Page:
With snow on the ground, a nip in the air and more prematurely announced holiday events than we can even count, we find ourselves forgetting almost every other day that it’s still October! Spooky month is still alive and well if only in spirit, but in case you’re not feeling the black magic anymore, we thought we’d share 10 haunted places that you can actually visit in Alberta.
The Deane House, which was built in 1906, is now a tourist destination, wedding venue and restaurant. However, despite its cozy exterior, it has reportedly been the site of several suicides, murders and many deadly accidents. Only two deaths have been confirmed over the years, but guests and employees would beg to differ.
Where: 806 9 Ave SE, Calgary
Calgary’s Rose and Crown Pub really puts the “Boo” in booze. Before it was a popular Calgary happy hour destination, the building was actually a funeral home. They’ve obviously redecorated since the 1920s when it was first built, but according to staff a fresh coat of paint wasn’t enough to send the ghosties away.
Where: 1503 4 St. SW, Calgary
The Atlas Coal Mine in East Coulee Alberta was originally owned and operated by the Patrick family who tragically lost their son Billie – quite literally. As the story goes, Billie wandered off into the mine alone but never came back. Despite a mass search, the boy was never found. Since then, he has been seen by visitors and staff alike laughing and playing on the grounds.
Where: 110 Century Drive W, East Coulee, AB
Known as Alberta’s “Hospital of Horrors” Charles Camsell was originally founded in 1914 as an all-boys academy. In the years that followed, it was converted into a WWII as a base for American Army Engineers while they built the Alaska Highway, then most notably, a tuberculosis hospital where several indigenous people were sent and mistreated, or to put it more accurately, abused. After the slow of the deadly disease, the province recommissioned it as a general hospital of which it remained until 1993 when it was emptied out and abandoned.
Where: 12804 114 Avenue, Edmonton
Edmonton’s Princess Theatre – the oldest standing movie theatre- was originally designed and built for the vaudeville acts of 1915. It was successful for a year but then fell into an economic slump. In order to bring in revenue, the owners recommissioned the top few floors as an apartment building, many of which are now considered to be riddled with bad spirits and stories of betrayal and grief.
Where: 10337 82 Ave NW, Edmonton, AB
Originally owned by Senator James Alexander Lougheed and his wife Lady Isabella Hardisty Lougheed, this Calgary destination is now a popular wedding and events venue. Over the years, staff and guests alike have reported seeing a phantom couple dancing through the ballroom, although no one is really sure who it may be or why they’re still there.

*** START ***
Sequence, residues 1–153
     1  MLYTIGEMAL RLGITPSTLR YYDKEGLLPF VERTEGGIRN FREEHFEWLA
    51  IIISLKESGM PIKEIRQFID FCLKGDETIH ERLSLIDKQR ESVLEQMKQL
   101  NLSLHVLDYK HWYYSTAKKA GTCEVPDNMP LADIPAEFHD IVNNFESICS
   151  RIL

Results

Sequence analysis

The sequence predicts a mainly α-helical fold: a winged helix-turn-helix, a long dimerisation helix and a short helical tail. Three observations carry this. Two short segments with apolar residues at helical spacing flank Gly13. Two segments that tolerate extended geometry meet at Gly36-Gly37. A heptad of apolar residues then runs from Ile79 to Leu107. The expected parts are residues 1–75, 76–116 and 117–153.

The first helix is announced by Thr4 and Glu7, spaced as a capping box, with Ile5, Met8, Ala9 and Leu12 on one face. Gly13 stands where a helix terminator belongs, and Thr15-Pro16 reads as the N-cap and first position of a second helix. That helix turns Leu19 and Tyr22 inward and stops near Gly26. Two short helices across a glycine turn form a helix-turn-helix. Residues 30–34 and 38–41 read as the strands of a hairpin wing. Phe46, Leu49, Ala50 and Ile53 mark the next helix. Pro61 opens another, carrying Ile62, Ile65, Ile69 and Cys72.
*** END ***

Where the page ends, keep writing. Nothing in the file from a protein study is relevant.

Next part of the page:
Where: 707 13 Ave SW, Calgary
Despite early warnings by other locals who refused to even camp in the area, the town now knowns as Frank Slide was built under what many had literally called “the mountain that moves.” Unfortunately, in 1903, due to a cold, wet winter and a mine that had been build into the unstable structure, the inevitable happened and nearly 90 residents were tragically lost to what is still considered the deadliest rockslide in Canadian history.
Where: AB-3, Crowsnest Pass, AB
Edmonton’s Concordia University was originally founded in 1921 as a college for young men. Though no one is really sure who it is, the school is said to be haunted by a previous professor who is often seen roaming the hallways. Many current students even report hearing a phantom choir in the boy’s dormitory.
Where: 7128 Ada Blvd NW, Edmonton, AB
Since it opened to the public in 1888, the Banff Springs Hotel has seen history, celebrity, and rebuilds, but it’s also seen tragedy. Millions of guests have checked in, but a few, have never checked out. Some even believe that they still roam the halls of the iconic concrete castle in the Rockies today.
Where: 405 Spray Ave, Banff, AB
The Prince House in Heritage Park is one of the few places in Alberta that honestly looks just as creepy on the outside as many claim it to be on the inside. The house, which has an unsettling appearance was actually located in Eau Claire before being moved to the park. Originally owned by Peter Prince, the home is said to be haunted by the 3 ghosts of his late wives – one of which died of tuberculosis after being confined to the attic.
Where: Heritage Park, Calgary, AB
Well, there you have it, ghouls. 10 haunted places that you can actually visit in Alberta. Hopefully, that helps you guys get back into the mood and ready to take on the next two weeks of frights, freaks, Halloween candy and horror movies.
Creep it real, friends!